In addition to the drive options, you will also discover the Eco and Sport modes. They change the state of performance, whereby the eco mode dampens the throttle response in the pursuit of efficiency and the sport mode offers you maximum performance in one fell swoop.
Although 0-100 km / h takes just six seconds, the RAV4 isn’t a car you want to rush into. Instead, it’s a solid cross-country cruiser with good ride quality at high speed. However, the weight and firm suspension make it a bit fussy at low speed in the city and not quite as comfortable as the other RAV4 variants. It has nice steering, great visibility and lots of adult space in the front and rear. But Toyota’s newbie is heavy and feels like it. While 302 horsepower sounds like a recipe for fun, it’s best to sit back and enjoy the awe-inspiring sophistication.
The only flaw in this otherwise eerily slick and quiet package is revealed when you tap into recharge mode. Asking the engine to keep charging the battery results in a typical CVT howl. Uphill, the RPMs are intrusive and crude, but it’s a bit of a trade-off considering the rest of the package.
Toyota claims a fuel economy of 282.5mpg. That’s a pretty fanciful number, but you can expect around 55-60mpg or more in the real world if you do what you should and plug in every day. With CO2 emissions of just 22 g / km, company car users benefit most from the tiny tax rate of the RAV4 of just seven percent for the tax year 21/22. Those in the 40 percent bracket can expect a tax bill of around £ 1,424 next year, so compared to standout rivals, the Toyota’s finances make a lot of sense.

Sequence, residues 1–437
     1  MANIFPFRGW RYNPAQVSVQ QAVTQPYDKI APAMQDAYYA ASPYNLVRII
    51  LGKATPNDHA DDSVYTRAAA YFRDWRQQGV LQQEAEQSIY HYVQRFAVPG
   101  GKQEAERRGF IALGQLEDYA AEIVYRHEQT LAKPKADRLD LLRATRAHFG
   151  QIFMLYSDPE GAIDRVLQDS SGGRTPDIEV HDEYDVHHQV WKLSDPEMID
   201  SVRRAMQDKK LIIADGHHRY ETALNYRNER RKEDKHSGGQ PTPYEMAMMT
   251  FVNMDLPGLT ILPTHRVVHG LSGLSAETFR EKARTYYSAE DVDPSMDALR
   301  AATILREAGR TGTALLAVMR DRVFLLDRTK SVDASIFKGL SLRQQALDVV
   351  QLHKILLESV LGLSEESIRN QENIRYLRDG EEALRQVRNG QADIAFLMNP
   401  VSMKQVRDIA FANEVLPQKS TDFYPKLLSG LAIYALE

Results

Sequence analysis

The only issue on his tail is the nearly identical Suzuki Across PHEV, which also has a slightly lower tax bill thanks to its slightly lower price tag – £ 1,275 for 21/22 for higher taxpayers. However, we found that the Suzuki wasn’t quite as comfortable on the road as the Toyota.
Prices for the RAV4 PHEV start at £ 47,395 with the Dynamic trim and increase to £ 50,895 for this Dynamic Premium car. That’s quite a chunk, and compared to competitors like the Peugeot 3008 HYBRID4, the RAV4 is an expensive option with its large battery.
But this equipment includes a panoramic roof, black leather upholstery and heated and cooled electrically adjustable seats. Even heated rear seats are standard. It feels plush and very well made, even if it lacks a bit of gloss in the design. The only real weak point is the nine-inch infotainment with its cheap looking buttons and outdated graphics. However, with Apple CarPlay and Android Auto, you can get around this with a smartphone.
|Model:||Toyota RAV4 Plug-in Hybrid Dynamic Premium i-AWD|
|Engine:||2.5-liter 4-cylinder petrol-electric|
|Power / torque:||302 hp / N / A|
|Transmission:||CVT automatic, all-wheel drive|
|0-62 / max:||6.0 seconds / 112mph|
|Economy / CO2:||282.5mpg / 22g / km|
|Electric range:||46 miles|